All were great (the pastas are all made in house) but the penne is the best. It’s Dave’s version of penne alla vodka, except he uses grappa instead of vodka and mascarpone instead of cream. It’s heavenly. (I’m going to have it for lunch in a little while and I’m so happy about that.)

We were five at the table and we got five entrees. We each took a bite and passed and had to take the rest home. (I know someone who’s got the pork chop for lunch and he’s a happy guy.)


See what I mean about a saddle? So juicy, tender and delicious. And there’s a little garnish made of dates on top that blew me away.

Branzino with cabbage, tomato, black currants, cpaers and pignoli:


Ok maybe for this one you need a harness. Gorgeous fish though. It’s wrapped in potato a la Daniel Boulud and Paul Bocuse, but no Barolo or truffles. It flakes away and you get the sweet flavor of the fish, the briny of the capers and the crunch of the pine nuts.

The chicken must have been brined… it was so juicy.


It had an exotic flavor — Dave calls it “Sicilian trade spices” on the menu — and the raisins were such a great addition.

Short ribs with polenta and eggplant “agro dolce”:


Talk about sexy. Melted in my mouth. So rich and decadent.

And the lamb:


Dave smokes his own lamb sausage and grills both that and the lamb chop over the open flame in the kitchen. Underneath is “cheesed spatzle,” a ricotta dumpling made around Bolzano, which is influcened by Austria.  Dave adds parmigiano reggiano as it cooks to give the spatzle a creamy texture. There’s more of the tomato jam we saw earlier from the pizza. Wow. I took two bites of this one, and so did a couple other people at the table.

Dessert was unnecessary, but Dave’s so good at making it we had to try. It’s rare to find a chef who can do both savory and sweet really well, but down in Yonkers you’ve got two within a block or two who excel at it (Peter Kelly does too).



Sicilian ricotta cake with candied citrus and hazelnuts. A little sweet for me.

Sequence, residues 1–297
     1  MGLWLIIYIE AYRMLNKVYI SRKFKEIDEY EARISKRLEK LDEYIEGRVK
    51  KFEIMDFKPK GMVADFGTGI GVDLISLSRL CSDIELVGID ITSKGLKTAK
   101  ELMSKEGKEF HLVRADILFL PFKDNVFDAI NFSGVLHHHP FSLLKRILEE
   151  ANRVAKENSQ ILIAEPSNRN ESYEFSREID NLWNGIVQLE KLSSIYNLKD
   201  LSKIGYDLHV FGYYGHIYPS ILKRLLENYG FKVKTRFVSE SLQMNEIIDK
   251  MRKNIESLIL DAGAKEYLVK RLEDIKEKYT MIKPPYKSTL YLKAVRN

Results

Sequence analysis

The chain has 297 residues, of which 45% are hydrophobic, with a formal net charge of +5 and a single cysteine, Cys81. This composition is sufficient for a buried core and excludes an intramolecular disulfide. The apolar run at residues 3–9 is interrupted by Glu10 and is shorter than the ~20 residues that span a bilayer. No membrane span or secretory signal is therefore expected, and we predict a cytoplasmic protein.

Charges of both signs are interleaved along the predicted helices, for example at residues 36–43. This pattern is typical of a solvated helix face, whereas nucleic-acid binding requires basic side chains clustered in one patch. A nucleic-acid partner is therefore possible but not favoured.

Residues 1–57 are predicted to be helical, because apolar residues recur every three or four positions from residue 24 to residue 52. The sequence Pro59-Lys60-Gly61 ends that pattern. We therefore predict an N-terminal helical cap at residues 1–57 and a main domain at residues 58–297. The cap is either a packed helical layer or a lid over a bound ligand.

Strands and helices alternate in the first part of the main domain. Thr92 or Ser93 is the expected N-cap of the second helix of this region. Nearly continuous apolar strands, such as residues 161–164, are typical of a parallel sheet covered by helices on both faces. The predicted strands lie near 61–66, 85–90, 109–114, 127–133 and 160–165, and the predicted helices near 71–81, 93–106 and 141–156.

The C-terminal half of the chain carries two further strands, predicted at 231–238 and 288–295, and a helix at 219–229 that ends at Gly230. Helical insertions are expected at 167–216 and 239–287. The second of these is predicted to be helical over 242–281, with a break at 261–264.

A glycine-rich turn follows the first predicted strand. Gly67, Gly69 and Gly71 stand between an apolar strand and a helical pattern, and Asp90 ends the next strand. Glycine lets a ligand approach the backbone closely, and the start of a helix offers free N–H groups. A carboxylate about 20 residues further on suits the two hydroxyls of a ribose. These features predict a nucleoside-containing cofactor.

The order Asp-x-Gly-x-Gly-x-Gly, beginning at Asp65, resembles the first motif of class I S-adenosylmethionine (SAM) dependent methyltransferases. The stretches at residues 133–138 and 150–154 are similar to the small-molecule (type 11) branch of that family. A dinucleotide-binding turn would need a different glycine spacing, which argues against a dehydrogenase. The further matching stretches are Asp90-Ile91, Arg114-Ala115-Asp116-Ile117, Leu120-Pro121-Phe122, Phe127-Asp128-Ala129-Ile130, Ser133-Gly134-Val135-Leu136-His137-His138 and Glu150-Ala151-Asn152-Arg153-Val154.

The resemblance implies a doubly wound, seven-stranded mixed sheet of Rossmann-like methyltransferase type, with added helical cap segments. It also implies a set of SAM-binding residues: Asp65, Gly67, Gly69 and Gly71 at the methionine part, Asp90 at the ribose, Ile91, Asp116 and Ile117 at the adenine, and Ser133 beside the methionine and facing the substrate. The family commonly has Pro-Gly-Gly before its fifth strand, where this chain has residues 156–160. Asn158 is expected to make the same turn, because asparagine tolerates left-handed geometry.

Pasta fritta:


This monster was filled with nutella. It’s like a kid’s dream come true. So gooey.

A Zuppa standard: bag of warm zeppole:


It comes with three dipping sauces. I like the caramel one best.

The two most interesting desserts of the night were the panna cotta —


— which was made with honey and lavender and came with an almond brittle. Because those flavors are so intense, Dave cut the dish with a lemon-pepper sorbet that was so sharp I actually coughed. I loved it.

And my favorite:


Warm mascarpone with sauteed strawberries and pistachio schiumma (or foam). It was well balanced, not to sweet and satisying.

Seriously, a great meal. Go to Zuppa and fashion your own. You just want the pizza and a few apps? Sit at the bar and chat with Francesca. You want to pair some of  terrific Italian wines Randy Restiano keeps in the impressive cellar with a three-course meal? Don’t miss that lamb. Or go with a date and order a couple of pastas (just make sure you get the penne).

Here’s the new menu so you can decide ahead of time.  Go, and report back here. I want to know.

The 411 on Zuppa.


About Author

Liz Johnson is content strategist for The Journal News and, and the founding editor of lohudfood, formerly know as Small Bites. As food editor, she won awards from the New York News Publishers Association, the Association of Food Journalists and the Associated Press. She lives in Nyack with her husband and daughter on a tiny suburban lot they call their farm — with fruit trees, an herb garden, and a yardful of lettuce, tomatoes, onions, shallots, cucumbers, zucchini, radishes, cabbage, peppers, Brussels sprouts and carrots and four big blueberry bushes.